The Memory Makers

Tramore Beach is a place where young children have been introduced to the sea for many, many years now. I was once one of those kids and I always love to see the tradition being carried on, as it was by this man with his youngster at sunset last night.

Tramore Beach, Co. Waterford

While moments like this make me a little nostalgic, they also remind me that my memories are not necessarily rose-tinted. I remember the sea being golden and Dad bringing me right to the edge of the waves and then lifting me high into the air as the water came in. I saw the exact same thing happening before my very eyes last night and all the while the Metal Man was watching out in the distance, just as he was back when I was tiny.

Oddly enough, it was only while I was watching this pair playing with the waves that I realised that the memories were not just being created for the child but for the man as well. I wondered if he had once been the child that I was and was remembering his father as well as living in the moment with his own child.

All the while, lines of poetry kept wandering in and out of my head.

How can we know the dancer from the dance?  (W.B. Yeats)


We are the music-makers,
And we are the dreamers of dreams,
Wandering by lone sea-breakers,
And sitting by desolate streams. 

(Arthur William Edgar O’Shaughnessy)

Yes, memory is crucial to  connectedness in the world and our sense of having a place within that:

Without memory, there is no culture. Without memory, there would be no civilisation, no society, no future. (Elie Wiesel)


Author: socialbridge

I am a sociologist and writer from Ireland. I have worked as a social researcher for 30 years and have had a lifelong passion for writing. My main research interests relate to health care and sense of place.

14 thoughts on “The Memory Makers”

  1. “When I get to old to dream…I’ll have you to remember”….and you’ll remind me of the great times that we had…sparking a memory of long ago…This is what that poem reminded me of …I love the picture of your Dad and you…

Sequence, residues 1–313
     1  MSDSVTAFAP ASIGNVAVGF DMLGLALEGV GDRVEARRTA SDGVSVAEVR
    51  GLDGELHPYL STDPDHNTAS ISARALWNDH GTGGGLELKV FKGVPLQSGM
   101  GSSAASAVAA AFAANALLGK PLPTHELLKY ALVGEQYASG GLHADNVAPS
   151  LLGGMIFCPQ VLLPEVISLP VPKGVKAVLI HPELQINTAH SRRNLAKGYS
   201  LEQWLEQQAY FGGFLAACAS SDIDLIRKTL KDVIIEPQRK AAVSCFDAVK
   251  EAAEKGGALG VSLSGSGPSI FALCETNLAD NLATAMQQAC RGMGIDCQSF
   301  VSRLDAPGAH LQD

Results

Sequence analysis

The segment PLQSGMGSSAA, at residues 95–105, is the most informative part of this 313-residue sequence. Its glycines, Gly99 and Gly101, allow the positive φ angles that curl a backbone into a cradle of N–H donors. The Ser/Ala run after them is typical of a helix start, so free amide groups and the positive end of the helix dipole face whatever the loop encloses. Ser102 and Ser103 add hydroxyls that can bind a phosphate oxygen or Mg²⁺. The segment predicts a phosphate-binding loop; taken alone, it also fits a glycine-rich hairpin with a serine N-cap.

2. I think you just said something profoundly important here, Jean. “…memory is crucial to connectedness in the world and our sense of having a place within that”–and that perchance is one of the problems with lack of connectedness today, and people feeling a sense of “having a place within that.” We know that we are socialized by those who come before us, and that then, we carry on that process. For so many, that seems to be lacking now, and the resulting rampant narcissism seems to bear that out. If I have no sense of connection or place with others, then I can say anything I want, do anything I want, because I do not care if I hurt others. I am ever so grateful for my parents, and grandparents and those other ancestors that helped me find a sense of place and connection.

    1. Thanks Suz. Yes, I have a bit of an issue with the way in which the current emphasis on ‘living in the moment’ seems to be all about ‘me, me, me.’ Also, there seems to be a big downer on looking at the past as it is perceived as being nostalgic and a hindrance to progress. I simply can’t operate on that basis as the past is, as you highlight, fundamental in rooting us. We learn from it and each moment that goes by even in our everyday experience is part of a past that ties us in to the world in one way or another. I guess much of this post is a reflection of my interest in the fascinating overlap between individual life histories and social history as a whole.

  3. Beautiful. I so enjoy watching my adult children create memories with their children by doing some of the same things we did with them. And I know they remember….because I’ve heard them tell their children about how they did the same when they were little. Memories are precious keepsakes that often get handed down from generation to generation.

    1. Interesting isn’t it! I was just watching Country File on TV and there was a woman back at the Isle of Aran in Scotland on a beach of her childhood that was her very special place.

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